Emerging Infectious Diseases
Feline coronavirus (FCoV) is endemic in feral cat populations and cat colonies, frequently preceding outbreaks of fatal feline infectious peritonitis (FIP). FCoV exhibits 2 biotypes: the pathogenic disease and a benign infection with feline enteric coronavirus (FECV). Uncertainty remains regarding whether genetically distinctive avirulent and virulent forms coexist or whether an avirulent form mutates in vivo, causing FIP. To resolve these alternative hypotheses, we isolated viral sequences from FCoV-infected clinically healthy and sick cats (8 FIP cases and 48 FECV-asymptomatic animals); 735 sequences from 4 gene segments were generated and subjected to phylogenetic analyses. Viral sequences from healthy cats were distinct from sick cats on the basis of genetic distances observed in the membrane and nonstructural protein 7b genes. These data demonstrate distinctive circulating virulent and avirulent strains in natural populations. In addition, 5 membrane protein amino acid residues with functional potential differentiated healthy cats from cats with FIP. These findings may have potential as diagnostic markers for virulent FIP-associated FCoV.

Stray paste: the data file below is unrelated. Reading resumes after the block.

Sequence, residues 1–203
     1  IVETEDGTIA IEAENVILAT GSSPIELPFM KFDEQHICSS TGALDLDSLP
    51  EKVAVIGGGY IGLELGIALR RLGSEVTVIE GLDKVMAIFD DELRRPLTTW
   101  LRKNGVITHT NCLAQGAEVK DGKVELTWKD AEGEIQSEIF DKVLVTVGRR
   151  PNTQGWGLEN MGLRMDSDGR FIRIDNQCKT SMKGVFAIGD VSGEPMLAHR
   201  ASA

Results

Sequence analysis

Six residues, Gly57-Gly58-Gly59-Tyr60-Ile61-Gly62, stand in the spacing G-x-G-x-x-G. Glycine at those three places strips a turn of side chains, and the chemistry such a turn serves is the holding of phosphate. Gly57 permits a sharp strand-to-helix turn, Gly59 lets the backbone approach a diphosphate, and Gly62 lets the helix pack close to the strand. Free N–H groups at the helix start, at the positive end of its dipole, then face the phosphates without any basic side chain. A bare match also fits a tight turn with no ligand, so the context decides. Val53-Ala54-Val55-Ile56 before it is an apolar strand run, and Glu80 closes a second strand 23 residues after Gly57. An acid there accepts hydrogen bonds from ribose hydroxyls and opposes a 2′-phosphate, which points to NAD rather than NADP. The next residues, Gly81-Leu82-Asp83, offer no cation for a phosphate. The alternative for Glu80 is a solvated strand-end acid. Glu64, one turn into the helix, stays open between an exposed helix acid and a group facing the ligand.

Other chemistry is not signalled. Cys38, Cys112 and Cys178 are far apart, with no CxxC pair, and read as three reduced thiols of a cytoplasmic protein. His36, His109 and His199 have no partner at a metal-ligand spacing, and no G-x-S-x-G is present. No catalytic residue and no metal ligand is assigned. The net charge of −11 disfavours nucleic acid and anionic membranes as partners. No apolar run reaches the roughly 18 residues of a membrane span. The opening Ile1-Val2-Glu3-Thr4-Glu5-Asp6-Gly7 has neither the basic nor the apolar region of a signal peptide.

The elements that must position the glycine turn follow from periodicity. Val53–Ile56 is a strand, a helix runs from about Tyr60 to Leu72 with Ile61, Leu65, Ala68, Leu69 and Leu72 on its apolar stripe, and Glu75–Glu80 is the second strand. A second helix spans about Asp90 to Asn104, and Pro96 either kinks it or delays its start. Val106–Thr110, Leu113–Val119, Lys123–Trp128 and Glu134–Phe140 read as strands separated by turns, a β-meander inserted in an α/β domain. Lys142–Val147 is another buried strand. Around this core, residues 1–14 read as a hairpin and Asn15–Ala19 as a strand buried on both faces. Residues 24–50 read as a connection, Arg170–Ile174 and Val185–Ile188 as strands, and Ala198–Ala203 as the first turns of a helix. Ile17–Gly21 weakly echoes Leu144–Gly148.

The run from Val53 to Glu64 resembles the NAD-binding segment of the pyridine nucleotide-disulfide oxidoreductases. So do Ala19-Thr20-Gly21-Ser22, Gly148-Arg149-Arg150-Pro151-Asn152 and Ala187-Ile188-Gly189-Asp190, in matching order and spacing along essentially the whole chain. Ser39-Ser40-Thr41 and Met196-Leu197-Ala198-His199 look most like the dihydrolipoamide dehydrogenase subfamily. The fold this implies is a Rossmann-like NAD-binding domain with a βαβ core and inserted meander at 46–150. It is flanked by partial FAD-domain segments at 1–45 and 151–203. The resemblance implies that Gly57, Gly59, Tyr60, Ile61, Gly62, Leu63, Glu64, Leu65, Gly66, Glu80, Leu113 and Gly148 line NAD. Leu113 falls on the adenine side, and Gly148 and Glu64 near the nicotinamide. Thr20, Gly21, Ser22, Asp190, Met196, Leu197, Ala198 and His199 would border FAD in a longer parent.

Brown, Meredith; Jennifer L. Troyer; Jill Pecon-Slattery; M. Roelke-Parker; and Stephen J. O'Brien. 2009. "Genetics and Pathogenesis of Feline Infectious Peritonitis Virus." Emerging Infectious Diseases 15, (9): 1445-1452. https://nsuworks.nova.edu/cnso_bio_facarticles/768